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Short-Circuiting Your Snack Attacks



Real talk: I don't love snacks.


When I write meal plans for my nutrition clients, I urge them to consider two or three amply-sized meals, or two meals and one decent snack, rather than a bunch of bits & bobs of food or small "snack-like" meals all day long (hint: if you sit down to a meal and the ENTIRE thing adds up to fewer than 300 cals - that's what I consider "snack-like" - not really a meal).


It's not that I never have food between meals, or think that all snacks are unhealthy, but here are my three main issues when nutrition clients ask me about snacks:


1) Things folks usually eat as snacks (nuts, fruit, cheese & crackers, chips, granola bars) are usually void of protein - taking up calorie space that would be better allotted to...protein*.


[*for more on why this is an issue for those trying to lose weight, read more about the protein leverage hypothesis]


2) People are generally less good at estimating the calorie totals of their snacks (read: they either underestimate the portions or forget about the snack altogether, thinking "oh, it was just a small thing..." - until their snacks end up derailing the day calories-wise)


3) Avid snackers tend to undereat at their actual meals (if you've ever observed a toddler eat, you will know exactly what I mean - they can plow through half a bag of Goldfish but somehow have "no room" for a bite of chicken or broccoli at lunch) - leading to more snacking...


And hey, I'm not alone in being a snack-hater - scientific studies show that for people with Type 2 diabetes (you know, the sugar-related one) - two large meals versus six small ones can actually improve insulin sensitivity - which leads to better glucose response and an easier pathway to fat loss.


There's also a decent amount of research which shows that people who eliminate snacking have an easier time losing weight, since it generally encourages caloric deficit.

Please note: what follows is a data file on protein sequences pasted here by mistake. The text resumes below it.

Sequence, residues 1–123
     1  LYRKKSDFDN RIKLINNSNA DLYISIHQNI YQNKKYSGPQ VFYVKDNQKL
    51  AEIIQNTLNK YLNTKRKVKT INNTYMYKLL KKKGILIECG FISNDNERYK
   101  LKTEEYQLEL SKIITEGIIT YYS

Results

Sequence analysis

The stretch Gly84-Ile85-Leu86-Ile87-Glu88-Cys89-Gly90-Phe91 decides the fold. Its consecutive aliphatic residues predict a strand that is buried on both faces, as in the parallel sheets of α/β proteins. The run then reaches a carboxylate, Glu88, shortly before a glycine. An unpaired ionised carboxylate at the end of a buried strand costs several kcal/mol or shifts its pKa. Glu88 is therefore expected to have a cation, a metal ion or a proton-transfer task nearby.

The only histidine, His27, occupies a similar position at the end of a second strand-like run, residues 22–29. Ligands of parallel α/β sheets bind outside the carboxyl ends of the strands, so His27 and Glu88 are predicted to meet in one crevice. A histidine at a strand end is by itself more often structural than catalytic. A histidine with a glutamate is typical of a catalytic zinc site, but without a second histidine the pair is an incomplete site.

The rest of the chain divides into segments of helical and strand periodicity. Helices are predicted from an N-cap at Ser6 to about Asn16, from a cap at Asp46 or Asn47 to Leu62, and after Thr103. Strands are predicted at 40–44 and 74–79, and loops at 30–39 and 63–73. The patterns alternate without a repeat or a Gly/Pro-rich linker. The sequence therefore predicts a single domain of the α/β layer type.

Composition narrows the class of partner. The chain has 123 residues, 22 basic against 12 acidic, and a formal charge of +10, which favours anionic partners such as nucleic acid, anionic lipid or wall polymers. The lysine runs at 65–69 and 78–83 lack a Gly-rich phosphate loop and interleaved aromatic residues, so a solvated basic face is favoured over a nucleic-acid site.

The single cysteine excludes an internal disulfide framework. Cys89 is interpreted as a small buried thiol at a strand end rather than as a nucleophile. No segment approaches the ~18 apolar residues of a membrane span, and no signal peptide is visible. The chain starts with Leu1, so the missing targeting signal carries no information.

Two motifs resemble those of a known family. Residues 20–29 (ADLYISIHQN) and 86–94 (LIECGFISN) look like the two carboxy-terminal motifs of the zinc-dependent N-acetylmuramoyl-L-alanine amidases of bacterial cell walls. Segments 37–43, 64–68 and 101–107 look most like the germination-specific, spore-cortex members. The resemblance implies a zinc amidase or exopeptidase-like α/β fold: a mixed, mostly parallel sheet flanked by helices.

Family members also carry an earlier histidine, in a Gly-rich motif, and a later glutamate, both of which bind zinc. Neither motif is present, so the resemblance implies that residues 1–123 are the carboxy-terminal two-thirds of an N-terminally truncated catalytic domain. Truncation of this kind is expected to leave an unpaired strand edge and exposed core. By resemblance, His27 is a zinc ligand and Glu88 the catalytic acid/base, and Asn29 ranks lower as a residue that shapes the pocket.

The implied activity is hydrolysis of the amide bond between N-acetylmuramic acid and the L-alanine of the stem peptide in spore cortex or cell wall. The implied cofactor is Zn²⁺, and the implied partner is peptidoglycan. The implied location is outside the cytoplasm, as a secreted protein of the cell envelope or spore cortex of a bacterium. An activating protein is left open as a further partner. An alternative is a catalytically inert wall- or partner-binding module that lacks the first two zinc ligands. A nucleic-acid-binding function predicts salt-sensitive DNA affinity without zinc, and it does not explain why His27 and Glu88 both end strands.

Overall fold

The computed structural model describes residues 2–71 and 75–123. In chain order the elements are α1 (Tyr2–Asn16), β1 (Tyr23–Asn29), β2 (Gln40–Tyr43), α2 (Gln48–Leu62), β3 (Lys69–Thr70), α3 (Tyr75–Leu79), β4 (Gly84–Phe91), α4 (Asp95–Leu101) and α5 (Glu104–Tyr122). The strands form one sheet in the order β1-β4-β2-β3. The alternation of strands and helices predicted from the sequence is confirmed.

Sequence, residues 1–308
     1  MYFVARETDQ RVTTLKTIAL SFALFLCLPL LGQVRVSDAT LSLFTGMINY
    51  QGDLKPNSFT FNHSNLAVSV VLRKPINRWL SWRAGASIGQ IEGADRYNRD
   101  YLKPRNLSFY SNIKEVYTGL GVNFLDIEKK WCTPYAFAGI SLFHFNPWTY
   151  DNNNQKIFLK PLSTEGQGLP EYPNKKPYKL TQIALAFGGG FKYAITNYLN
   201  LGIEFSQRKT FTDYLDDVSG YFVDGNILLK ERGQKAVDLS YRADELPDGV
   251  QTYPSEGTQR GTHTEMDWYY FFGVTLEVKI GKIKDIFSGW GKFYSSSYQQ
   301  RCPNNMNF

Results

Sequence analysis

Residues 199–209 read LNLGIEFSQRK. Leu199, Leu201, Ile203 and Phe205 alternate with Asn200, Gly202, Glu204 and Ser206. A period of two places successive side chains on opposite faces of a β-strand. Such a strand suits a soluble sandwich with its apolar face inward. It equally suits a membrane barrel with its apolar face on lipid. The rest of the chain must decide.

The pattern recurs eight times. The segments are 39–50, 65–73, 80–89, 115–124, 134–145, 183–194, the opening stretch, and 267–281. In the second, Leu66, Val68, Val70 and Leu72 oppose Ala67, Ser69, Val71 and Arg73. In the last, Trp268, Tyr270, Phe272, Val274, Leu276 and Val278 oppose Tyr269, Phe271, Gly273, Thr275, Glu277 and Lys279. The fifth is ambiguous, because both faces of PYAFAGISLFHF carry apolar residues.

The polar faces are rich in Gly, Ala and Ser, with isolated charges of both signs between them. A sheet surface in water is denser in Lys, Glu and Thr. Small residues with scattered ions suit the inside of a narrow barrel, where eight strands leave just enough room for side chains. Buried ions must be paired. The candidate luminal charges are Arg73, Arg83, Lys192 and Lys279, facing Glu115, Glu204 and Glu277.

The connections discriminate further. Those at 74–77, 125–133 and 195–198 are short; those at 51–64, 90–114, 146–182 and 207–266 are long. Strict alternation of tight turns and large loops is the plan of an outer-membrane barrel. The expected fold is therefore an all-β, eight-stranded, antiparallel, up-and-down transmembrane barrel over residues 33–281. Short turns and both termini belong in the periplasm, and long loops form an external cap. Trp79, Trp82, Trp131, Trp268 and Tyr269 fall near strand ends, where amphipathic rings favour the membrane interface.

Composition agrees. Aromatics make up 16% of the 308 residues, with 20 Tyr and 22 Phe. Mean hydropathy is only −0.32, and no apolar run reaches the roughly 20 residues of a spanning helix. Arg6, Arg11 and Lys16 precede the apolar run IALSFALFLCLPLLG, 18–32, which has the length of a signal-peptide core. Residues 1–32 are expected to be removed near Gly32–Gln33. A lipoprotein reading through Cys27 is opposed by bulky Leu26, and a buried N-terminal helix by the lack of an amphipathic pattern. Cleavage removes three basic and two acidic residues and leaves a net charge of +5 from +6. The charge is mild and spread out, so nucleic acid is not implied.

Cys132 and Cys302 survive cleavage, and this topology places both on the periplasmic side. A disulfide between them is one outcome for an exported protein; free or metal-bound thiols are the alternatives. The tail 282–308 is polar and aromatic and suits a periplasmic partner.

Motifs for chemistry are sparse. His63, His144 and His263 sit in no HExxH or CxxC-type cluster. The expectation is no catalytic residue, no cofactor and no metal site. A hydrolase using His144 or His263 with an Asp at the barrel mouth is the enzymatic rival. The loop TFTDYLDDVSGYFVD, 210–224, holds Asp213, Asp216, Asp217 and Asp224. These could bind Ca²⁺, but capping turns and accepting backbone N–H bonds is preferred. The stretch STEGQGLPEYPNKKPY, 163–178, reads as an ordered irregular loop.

But what if snacks are life? Ok, ok, I hear you.


Some folks were made for snackin', and snackin's what they'll do - so here are some simple guidelines on how to do it better:

  • make sure your snacks contain at least 30% protein (something like Greek yogurt with almonds, tuna on cucumber slices, a quality protein bar, or beef jerky will fit the bill)

  • double up the nutrient power of your snacks by choosing high-fibre complements to your high-protein snack choices (add raspberries to your cottage cheese, roll some turkey slices into a low-carb, high-fibre wrap, or dip broccoli in Greek yogurt tzatziki)

  • plan your snacks the way you plan your meals, so the calories are accounted for as part of your whole day (and not just "tacked on" to an otherwise healthy meal plan)

  • take 500mL (16 ounces) of water down with each snack you do choose, to ensure you're not mistaking dehydration as hunger (fixing the "wrong" problem, I always say)

Whether you choose to snack or not depends greatly on differences in lifestyle, time constraints, family schedules, body composition goals (those looking to put on muscle mass may actually have to add snacks to their regular meals!), low blood sugar response, and of course - preference!


But whether you choose to snack - or hold back - when weight loss is your goal, any strategy that gets you to a consistent caloric deficit will help you find success.






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